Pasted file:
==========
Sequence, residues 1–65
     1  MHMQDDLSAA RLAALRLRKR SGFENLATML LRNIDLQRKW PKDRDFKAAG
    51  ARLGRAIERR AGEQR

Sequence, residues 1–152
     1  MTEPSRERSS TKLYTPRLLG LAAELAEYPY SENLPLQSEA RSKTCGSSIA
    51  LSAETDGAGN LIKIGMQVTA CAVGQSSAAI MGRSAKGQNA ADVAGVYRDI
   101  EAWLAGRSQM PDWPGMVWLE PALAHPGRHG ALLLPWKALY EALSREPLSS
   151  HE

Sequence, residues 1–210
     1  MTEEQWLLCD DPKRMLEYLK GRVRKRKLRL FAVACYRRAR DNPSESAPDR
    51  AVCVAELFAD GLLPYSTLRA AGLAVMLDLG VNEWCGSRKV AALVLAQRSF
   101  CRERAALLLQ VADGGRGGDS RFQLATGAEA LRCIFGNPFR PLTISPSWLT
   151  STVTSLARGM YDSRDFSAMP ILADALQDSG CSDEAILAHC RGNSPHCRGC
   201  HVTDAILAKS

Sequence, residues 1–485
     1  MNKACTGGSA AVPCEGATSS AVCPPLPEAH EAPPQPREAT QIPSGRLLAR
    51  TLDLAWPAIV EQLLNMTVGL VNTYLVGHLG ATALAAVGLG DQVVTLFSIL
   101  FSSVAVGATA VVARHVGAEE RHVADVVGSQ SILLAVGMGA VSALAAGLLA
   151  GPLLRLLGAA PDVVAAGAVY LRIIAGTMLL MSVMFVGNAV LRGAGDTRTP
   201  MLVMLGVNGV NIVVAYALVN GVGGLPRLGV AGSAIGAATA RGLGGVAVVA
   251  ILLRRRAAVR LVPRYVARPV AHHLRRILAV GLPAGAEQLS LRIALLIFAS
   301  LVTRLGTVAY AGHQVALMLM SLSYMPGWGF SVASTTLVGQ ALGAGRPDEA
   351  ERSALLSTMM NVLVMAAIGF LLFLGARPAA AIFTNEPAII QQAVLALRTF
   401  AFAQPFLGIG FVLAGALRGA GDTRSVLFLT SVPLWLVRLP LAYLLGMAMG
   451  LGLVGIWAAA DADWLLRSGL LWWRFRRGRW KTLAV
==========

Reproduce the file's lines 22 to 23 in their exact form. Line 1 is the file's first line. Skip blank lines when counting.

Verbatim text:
   301  LVTRLGTVAY AGHQVALMLM SLSYMPGWGF SVASTTLVGQ ALGAGRPDEA
   351  ERSALLSTMM NVLVMAAIGF LLFLGARPAA AIFTNEPAII QQAVLALRTF